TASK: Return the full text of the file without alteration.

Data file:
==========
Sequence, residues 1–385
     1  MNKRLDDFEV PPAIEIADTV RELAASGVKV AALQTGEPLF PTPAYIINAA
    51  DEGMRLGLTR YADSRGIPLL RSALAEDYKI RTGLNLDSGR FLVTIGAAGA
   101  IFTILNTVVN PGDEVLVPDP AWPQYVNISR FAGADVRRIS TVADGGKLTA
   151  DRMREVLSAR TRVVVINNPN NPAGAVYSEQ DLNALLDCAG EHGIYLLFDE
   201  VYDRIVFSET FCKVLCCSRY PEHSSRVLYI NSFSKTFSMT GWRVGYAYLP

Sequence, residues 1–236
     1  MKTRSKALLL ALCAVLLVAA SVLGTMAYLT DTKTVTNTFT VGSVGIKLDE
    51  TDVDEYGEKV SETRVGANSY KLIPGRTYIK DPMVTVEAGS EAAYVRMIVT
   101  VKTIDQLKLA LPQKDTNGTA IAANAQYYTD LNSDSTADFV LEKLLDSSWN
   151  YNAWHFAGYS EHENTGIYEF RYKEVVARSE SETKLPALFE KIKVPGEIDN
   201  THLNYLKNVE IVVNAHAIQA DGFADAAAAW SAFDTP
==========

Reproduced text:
Sequence, residues 1–385
     1  MNKRLDDFEV PPAIEIADTV RELAASGVKV AALQTGEPLF PTPAYIINAA
    51  DEGMRLGLTR YADSRGIPLL RSALAEDYKI RTGLNLDSGR FLVTIGAAGA
   101  IFTILNTVVN PGDEVLVPDP AWPQYVNISR FAGADVRRIS TVADGGKLTA
   151  DRMREVLSAR TRVVVINNPN NPAGAVYSEQ DLNALLDCAG EHGIYLLFDE
   201  VYDRIVFSET FCKVLCCSRY PEHSSRVLYI NSFSKTFSMT GWRVGYAYLP

Sequence, residues 1–236
     1  MKTRSKALLL ALCAVLLVAA SVLGTMAYLT DTKTVTNTFT VGSVGIKLDE
    51  TDVDEYGEKV SETRVGANSY KLIPGRTYIK DPMVTVEAGS EAAYVRMIVT
   101  VKTIDQLKLA LPQKDTNGTA IAANAQYYTD LNSDSTADFV LEKLLDSSWN
   151  YNAWHFAGYS EHENTGIYEF RYKEVVARSE SETKLPALFE KIKVPGEIDN
   201  THLNYLKNVE IVVNAHAIQA DGFADAAAAW SAFDTP